‘Up The Bracket’ was one of those debut albums that had all the magic of a Rock and Roll band with the danger, the mystique, the band of brothers, the excitement the infamy, the notoriety, but above all the songs to back up all the claims and chaos that went with the band. The intricate workings of the main songwriters Doherty and Barat wouldn’t have worked without the rhythm section of Gary and John holding the ship steady through some choppy seas and letting the two songwriters have the freedom to weave their magic. I say this without hesitation but the Libertines were and are genius bands like this don’t come along that often and sometimes they can fall through the cracks they may have proven to be flawed but their genius is everlasting through their music and the fact they are still together and sounding as good as ever and being older and hopefully wiser right decisions are now being made and charting their early formative years in this box set is a beautiful thing. For a start getting Mick Jones to produce the record was a masterstroke because if anyone knew exactly where the band was coming from it would be Jones.

There’s a mammoth amount of music to get through on this comprehensive labor of love with live recordings, demos, and a remaster of the original album. The box set also includes a treasure trove of extras. a lavish sixty-page book with some amazing photographs and new interviews with the band and those who were circling the orbit of planet Libertine.

Of the 65 previously unreleased recordings many are original demos, radio sessions and live recordings all helping to chart the making of ‘Up The Bracket’, plus the jewel in the crown, a live recording from the 100 club in 2002. Imagine still owning a packet of Up The Bracket rizlas or some other priceless Libertines fanboy curio sadly I don’t. I still maintain that The Libertines sailed the closest to what The Clash was about musically, from the ragged intro of ‘Vertigo’ you find yourself handclapping along as the rowdy good times unfold and you’re taken back in time. After whizzing through the studio album the rapid raw energy of the 100 Club performance is epic and sweat-drenched and every sinew of energy is perfectly captured as a rapid ramshackle ‘Horror Show’ lights the gunpowder. The fantastic non album tracks with their howling feedback and shouting contest are brilliantly captured like ‘The Delaney’ and the shit-kicking single ‘What A Waster’. A fantastically captured time capsule where a band in full flight is captured.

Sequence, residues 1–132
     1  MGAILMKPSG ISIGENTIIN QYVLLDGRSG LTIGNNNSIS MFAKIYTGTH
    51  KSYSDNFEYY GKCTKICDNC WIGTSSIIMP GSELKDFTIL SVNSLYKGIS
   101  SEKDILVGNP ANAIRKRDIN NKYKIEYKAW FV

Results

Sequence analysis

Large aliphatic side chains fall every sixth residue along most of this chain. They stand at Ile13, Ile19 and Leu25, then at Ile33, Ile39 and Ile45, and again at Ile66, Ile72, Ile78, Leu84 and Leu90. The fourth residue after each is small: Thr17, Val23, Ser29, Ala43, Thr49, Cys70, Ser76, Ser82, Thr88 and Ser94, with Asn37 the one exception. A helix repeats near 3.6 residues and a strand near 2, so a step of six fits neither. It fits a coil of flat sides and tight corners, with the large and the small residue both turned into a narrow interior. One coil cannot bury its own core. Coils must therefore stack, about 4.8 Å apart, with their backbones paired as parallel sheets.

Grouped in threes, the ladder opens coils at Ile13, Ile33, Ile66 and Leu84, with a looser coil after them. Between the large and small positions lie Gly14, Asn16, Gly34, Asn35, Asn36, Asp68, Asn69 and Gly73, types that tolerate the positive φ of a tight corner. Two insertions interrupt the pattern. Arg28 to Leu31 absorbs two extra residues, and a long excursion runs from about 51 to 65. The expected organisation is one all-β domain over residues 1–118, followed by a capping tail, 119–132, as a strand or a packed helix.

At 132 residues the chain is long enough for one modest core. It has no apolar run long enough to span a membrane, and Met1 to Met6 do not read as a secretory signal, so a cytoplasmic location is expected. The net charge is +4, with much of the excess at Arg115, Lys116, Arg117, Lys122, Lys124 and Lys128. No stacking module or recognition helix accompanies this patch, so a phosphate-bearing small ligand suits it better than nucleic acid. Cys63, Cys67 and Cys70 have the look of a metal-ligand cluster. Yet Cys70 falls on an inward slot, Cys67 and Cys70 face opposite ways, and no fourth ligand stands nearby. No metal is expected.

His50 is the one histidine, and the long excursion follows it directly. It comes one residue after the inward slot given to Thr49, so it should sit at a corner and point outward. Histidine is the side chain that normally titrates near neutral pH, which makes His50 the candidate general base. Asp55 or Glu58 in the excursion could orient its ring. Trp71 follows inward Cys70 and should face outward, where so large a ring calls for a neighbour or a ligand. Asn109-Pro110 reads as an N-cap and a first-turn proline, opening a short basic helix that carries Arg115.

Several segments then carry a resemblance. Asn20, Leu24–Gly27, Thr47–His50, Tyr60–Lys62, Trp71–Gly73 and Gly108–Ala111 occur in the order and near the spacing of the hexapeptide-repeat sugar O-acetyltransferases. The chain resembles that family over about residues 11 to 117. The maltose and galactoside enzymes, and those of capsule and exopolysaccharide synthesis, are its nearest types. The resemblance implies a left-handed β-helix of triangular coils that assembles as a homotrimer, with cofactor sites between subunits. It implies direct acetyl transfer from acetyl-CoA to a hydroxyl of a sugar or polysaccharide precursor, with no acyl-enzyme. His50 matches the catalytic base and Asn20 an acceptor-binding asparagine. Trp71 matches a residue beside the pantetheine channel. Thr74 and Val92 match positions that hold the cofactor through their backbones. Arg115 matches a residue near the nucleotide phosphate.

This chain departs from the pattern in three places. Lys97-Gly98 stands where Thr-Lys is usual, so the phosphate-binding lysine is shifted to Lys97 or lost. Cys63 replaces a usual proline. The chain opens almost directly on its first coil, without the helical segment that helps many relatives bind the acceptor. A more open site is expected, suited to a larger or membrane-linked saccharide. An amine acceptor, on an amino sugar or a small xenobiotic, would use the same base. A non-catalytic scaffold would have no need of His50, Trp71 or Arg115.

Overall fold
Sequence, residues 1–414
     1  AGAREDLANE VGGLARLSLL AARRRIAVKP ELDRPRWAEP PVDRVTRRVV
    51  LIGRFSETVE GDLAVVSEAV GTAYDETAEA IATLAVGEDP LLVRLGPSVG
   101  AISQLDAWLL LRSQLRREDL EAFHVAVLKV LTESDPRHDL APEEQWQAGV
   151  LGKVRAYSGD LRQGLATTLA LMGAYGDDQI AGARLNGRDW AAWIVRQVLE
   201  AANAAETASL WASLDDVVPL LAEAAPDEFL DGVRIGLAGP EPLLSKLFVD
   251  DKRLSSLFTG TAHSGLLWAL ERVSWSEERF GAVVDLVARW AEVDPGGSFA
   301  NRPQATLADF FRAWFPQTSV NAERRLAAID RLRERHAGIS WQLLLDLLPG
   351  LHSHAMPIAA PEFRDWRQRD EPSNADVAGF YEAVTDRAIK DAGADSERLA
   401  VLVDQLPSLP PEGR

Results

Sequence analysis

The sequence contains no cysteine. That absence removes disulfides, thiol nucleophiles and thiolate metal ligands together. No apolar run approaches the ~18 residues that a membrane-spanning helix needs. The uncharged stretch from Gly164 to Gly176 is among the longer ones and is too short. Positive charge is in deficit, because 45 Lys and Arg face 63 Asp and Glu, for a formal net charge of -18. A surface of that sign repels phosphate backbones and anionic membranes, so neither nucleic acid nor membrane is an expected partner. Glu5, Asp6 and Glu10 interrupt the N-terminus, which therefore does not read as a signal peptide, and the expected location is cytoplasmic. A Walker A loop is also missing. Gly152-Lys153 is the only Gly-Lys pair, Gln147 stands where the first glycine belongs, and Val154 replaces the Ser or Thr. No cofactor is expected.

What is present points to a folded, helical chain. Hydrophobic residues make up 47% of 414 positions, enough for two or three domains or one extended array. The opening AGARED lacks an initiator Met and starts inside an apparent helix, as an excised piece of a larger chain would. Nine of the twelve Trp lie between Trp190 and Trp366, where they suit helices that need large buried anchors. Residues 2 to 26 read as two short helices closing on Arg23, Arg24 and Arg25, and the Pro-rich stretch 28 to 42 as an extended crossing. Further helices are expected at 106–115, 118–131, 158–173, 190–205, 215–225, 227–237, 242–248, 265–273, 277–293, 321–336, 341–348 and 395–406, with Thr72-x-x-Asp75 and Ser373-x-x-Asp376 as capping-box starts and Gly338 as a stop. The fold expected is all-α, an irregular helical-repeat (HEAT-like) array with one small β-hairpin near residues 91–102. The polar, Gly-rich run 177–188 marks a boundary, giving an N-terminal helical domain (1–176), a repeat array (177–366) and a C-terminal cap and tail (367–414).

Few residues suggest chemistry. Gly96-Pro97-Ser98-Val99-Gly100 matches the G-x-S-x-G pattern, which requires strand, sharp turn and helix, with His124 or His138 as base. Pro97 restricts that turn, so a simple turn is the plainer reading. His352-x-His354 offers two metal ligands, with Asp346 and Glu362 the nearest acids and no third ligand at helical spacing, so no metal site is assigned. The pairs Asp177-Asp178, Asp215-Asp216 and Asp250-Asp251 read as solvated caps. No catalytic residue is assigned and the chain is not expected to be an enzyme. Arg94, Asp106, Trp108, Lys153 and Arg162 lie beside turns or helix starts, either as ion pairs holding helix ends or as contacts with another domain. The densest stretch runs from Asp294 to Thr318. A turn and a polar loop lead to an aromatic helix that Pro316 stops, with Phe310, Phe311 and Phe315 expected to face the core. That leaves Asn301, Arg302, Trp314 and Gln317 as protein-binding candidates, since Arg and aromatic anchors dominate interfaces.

Of the demos and studio jams, songs like ‘Wolfman’ will peak the deep dive interest of fans. I love the late-night jams that are songs like ‘7 Deadly Sins’ and acoustic jam ‘Mocking Bird’ with all the in-between banter left in which is somewhere fans aren’t normally able to attend. Grab a bottle of red sit back relax and turn off the light and imagine you’re in the room with the boys in the band.

There is a fair bit of repetition going on as one would expect when it’s focussed on a single album but there is so much more than what appeared on the record this is a beast of a box set. To hear and chart the progress of a song like ‘Boys In The Band’ is a treat from the germ of a song played with a drum machine Bontempi style, “oh so rudimentary” through the radio session to band-worked demo to what finally was rolled out on the finished shop product.

For the retro kids there is also a DVD for every song on the album as well as so much more cobbled together using never before seen footage and so much more like TOTP and Jools Holland all in one convenient place. Ask Santa or your nan for one of these because as far as box sets go this is right up there with the best.

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Author: Dom Daley